The Royal Library Of Denmark

The Royal Library is a national library in Denmark and one of the largest libraries in Scandinavia. All pieces of work produced in Denmark since the 17th century are stored here. The word 'royal' is associated with golden glamor, palace elements and traditions. The new building of the Royal library boggles the mind as it unites the last modern trends and tendency to chamberness.

The library was founded in 1648 by the king Frederick III on the large base of European works. Public access was allowed in 1793. The funds were united with
the library funds of the Copenhagen University in 1989 and funds of the National Library of natural science and medicine.

Today the library owns 4 buildings: three buildings of Copenhagen University and the main building on the Slotsholmen island. The old library on the island was built in 1906. Another new building established in 1999 is adjacent to the old one and is called Black Diamond because of its appearance as it is made of glass and black marble. Today the Royal Library embraces several reading halls, movie collection, electronic catalogs, art-galleries, conference halls, etc.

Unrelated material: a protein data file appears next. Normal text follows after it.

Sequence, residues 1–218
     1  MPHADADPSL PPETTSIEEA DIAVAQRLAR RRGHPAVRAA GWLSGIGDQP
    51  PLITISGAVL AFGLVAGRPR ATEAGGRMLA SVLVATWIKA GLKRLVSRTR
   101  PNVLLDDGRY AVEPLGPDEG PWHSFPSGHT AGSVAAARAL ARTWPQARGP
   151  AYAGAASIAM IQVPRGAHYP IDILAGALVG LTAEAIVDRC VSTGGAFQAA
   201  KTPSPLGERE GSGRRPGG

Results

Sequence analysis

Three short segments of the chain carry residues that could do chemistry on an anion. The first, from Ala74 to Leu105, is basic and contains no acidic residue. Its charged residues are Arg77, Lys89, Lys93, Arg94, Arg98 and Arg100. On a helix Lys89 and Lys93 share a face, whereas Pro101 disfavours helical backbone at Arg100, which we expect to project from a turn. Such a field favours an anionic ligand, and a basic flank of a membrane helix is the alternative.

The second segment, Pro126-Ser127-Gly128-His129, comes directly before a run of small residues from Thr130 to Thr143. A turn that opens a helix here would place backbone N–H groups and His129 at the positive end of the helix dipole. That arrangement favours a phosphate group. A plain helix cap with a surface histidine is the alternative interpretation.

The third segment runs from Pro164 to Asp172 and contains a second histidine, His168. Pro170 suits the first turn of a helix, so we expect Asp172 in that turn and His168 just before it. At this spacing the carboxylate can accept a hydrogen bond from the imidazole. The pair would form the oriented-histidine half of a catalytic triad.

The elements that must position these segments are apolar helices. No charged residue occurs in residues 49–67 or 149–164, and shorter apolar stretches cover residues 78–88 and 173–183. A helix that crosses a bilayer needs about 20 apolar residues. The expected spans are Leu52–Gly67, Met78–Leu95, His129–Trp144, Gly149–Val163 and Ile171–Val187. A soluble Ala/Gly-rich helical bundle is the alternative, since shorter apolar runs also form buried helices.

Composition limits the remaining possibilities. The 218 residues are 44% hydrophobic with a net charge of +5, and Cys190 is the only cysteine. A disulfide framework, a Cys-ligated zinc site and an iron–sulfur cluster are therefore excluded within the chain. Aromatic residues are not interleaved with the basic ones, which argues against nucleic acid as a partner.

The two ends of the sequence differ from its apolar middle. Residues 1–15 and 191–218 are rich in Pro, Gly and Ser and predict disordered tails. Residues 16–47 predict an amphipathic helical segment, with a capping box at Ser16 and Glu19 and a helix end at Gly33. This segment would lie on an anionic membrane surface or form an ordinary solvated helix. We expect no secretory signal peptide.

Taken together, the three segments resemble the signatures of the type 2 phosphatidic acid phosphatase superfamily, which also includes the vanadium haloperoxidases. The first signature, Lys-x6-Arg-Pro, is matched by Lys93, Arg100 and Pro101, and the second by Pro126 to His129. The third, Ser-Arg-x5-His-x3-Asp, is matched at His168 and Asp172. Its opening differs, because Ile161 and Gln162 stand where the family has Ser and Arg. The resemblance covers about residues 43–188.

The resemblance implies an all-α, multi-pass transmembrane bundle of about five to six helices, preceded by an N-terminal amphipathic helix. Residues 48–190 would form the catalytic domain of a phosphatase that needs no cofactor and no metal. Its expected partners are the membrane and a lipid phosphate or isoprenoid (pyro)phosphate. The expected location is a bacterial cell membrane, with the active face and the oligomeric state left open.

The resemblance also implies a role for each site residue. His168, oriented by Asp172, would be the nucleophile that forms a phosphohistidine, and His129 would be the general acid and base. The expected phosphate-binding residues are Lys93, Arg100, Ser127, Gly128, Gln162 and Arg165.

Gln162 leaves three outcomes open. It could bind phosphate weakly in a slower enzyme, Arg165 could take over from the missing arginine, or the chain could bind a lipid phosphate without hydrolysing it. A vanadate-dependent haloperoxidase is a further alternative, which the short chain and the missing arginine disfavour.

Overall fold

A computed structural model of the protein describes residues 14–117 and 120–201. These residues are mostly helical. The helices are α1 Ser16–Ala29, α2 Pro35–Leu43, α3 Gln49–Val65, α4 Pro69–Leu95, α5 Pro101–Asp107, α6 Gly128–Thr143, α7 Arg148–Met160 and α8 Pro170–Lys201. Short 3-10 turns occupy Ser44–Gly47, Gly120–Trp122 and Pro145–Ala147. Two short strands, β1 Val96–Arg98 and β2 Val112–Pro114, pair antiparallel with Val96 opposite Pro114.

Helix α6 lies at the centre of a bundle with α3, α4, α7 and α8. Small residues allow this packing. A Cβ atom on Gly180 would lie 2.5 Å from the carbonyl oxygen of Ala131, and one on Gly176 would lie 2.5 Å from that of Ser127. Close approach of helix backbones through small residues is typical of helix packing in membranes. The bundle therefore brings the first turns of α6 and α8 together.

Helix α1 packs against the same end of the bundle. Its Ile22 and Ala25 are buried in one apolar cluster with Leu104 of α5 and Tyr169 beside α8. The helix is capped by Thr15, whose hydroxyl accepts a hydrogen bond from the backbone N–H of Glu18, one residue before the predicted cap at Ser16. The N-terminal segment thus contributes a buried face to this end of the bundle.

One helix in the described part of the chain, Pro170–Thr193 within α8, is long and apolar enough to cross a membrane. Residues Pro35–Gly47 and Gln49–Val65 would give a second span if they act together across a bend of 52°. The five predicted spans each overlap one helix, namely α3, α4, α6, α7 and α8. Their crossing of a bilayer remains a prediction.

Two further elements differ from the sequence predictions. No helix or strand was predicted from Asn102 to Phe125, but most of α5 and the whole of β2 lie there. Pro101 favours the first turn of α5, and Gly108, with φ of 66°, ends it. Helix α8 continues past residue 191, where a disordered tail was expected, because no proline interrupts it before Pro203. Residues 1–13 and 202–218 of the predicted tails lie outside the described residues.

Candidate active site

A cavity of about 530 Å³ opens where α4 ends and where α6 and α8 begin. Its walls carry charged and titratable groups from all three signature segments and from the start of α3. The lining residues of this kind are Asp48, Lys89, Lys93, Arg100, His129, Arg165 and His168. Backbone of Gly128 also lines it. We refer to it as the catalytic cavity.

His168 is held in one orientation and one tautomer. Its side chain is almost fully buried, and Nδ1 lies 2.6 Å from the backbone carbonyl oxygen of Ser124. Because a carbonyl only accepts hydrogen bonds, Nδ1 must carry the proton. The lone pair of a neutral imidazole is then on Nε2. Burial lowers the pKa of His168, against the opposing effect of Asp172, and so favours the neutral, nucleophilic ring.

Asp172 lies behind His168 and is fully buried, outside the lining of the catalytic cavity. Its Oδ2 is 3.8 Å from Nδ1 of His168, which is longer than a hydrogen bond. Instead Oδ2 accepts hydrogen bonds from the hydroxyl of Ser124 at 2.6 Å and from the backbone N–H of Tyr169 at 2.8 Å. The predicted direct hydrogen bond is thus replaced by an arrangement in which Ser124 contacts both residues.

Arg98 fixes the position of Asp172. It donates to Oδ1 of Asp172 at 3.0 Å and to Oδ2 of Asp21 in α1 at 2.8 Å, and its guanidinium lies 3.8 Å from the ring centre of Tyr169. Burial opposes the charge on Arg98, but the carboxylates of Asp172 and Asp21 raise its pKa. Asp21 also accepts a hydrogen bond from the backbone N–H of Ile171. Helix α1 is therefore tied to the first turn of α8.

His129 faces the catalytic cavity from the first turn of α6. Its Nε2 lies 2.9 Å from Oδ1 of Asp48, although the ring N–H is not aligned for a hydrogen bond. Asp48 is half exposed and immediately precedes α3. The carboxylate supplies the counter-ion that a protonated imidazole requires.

The walls of the building which is of irregular shape are inclined in different directions and are made of black granite obtained in Zimbabwe and polished in Italy. Each stone weighs 75 kg.

The Black Diamond is separated from the old building and is connected with it with the help of air bridges.

Chamber interior fragment.

In 1968-1978 one of the largest robbery in history was committed here. Unknown people stole around 3200 historical books the cost of which amounted to 50 million US dollars. The loss was found only in 1975. The stolen treasures were sold at different auctions in 1998-2002. Finally the thief was caught. It was a library official who died before another auction began. During the search of his house 1500 stolen lots were revealed. His family members who continued to sell the books after the official's death were imprisoned.

Harmony of fundamental contents and modern architecture.

via alexcheban


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